Conflict in the area intensified in 1994 with the appearance in Chiapas of the leftist Zapatista National Liberation Army (EZLN), led by the now famous ''Subcomandante Marcos''.
Some of the EZLN's social bases are in the Lacandona jungle, including Montes Azules, where they arrived after fleeing violence or were ordered there by EZLN leaders. But there are also indigenous peoples who oppose the Zapatistas and many have moved to the area simply looking for a plot of land to grow food for survival.
Environmentalists maintain that the pressures on the reserve and the Lacandona jungle, which together cover 500,000 hectares, are immense.
A century ago the jungle encompassed nearly two million hectares, and in that time the human population has grown from fewer than 20,000 to more than 600,000.
The reserve and the jungle area ''are losing their viability little by little,'' warned then-minister of environment Víctor Lichtinger in 2002.
Surrounded today by several military barracks that were set up following the emergence of the EZLN, the reserve also attracts interest from transnational pharmaceutical and seed producing companies.
''It also brings with it a serious and complex agrarian problem dating to the 1970s, when the government at the time handed over farmland to indigenous groups, with the only aim to plunder the timber in the forest'' they left behind, said Maderas del Pueblo's García.
According to Zúñiga, director of the reserve that until 2000 did not have an integrated management plan, there are 15,000 Chole, Lacandon, Tzeltzal, Tzotzil and Tojolabal indigenous peoples living in the area with legally recognized rights. There are also 500 people living there who are considered invaders.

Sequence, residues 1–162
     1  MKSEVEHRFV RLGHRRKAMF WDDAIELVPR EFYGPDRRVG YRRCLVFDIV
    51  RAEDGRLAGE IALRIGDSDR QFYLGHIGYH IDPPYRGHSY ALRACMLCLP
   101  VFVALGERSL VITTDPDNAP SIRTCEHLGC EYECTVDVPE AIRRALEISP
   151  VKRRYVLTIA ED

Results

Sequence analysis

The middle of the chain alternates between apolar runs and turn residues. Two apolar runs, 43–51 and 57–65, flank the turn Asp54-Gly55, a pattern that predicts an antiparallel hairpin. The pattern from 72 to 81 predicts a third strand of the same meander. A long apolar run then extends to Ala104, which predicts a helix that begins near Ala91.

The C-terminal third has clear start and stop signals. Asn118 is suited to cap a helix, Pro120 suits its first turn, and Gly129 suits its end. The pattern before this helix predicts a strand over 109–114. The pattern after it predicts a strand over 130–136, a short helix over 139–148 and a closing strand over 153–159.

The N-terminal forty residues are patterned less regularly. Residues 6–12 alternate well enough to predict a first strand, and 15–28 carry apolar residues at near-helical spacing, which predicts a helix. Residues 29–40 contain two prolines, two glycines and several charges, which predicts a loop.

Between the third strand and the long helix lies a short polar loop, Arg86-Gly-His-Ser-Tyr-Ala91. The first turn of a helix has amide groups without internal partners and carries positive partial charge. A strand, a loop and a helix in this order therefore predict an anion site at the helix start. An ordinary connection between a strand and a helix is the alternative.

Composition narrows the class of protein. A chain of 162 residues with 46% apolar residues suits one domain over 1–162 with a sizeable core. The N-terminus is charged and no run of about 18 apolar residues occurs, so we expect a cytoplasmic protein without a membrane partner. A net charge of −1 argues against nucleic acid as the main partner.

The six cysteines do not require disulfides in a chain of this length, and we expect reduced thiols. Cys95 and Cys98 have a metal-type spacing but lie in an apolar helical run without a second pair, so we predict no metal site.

He noted that thanks to negotiations with the invading indigenous groups over the past five years, half of them had left the reserve. Carabias attributed that achievement to the current environment secretary, Alberto Cárdenas.
The talks will continue in order to remove the more recent arrivals from the reserve, said Zúñiga.
As in most matters related to Montes Azules, there is no agreement on the numbers. García says that the people with recognized rights in the reserve number no more than 5,600, and that the other ''invaders'' total almost 2,000.
In his opinion, the so-called relocations of the indigenous peoples are in fact expulsions.
''There could be a reserve with people, and it could be left in their (the Indians') hands,'' said the activist. But such a model contradicts the ''concept of biosphere reserves without people and against people, which is the approach of Montes Azules and was imposed by the developed countries,'' he added.
''Now biodiversity is converted into genetic banks, of great interest to the biotechnology, agro-food, and pharmaceutical industries, and for water bottling companies,'' said García.
When asked to name who he believes to be working for those interests and conducting the bioprospecting he denounces, García responded that it is difficult to do so, ''because the transnational firms hide behind local institutions and universities.''
On the official list of the reserve's director of the work and research being carried out in Montes Azules, there are no transnationals.
Ten projects are in motion, including flower species inventories, the habitat situation in cavern areas, the impacts of ''anthropological disturbance'' on mammals, a study of the diversity of vanilla plants, and others focused on birds and hunting in the area.
The institutions conducting this work are largely Mexican, although one of the registered groups is a university from the U.S. state of California.
* Diego Cevallos is an IPS correspondent.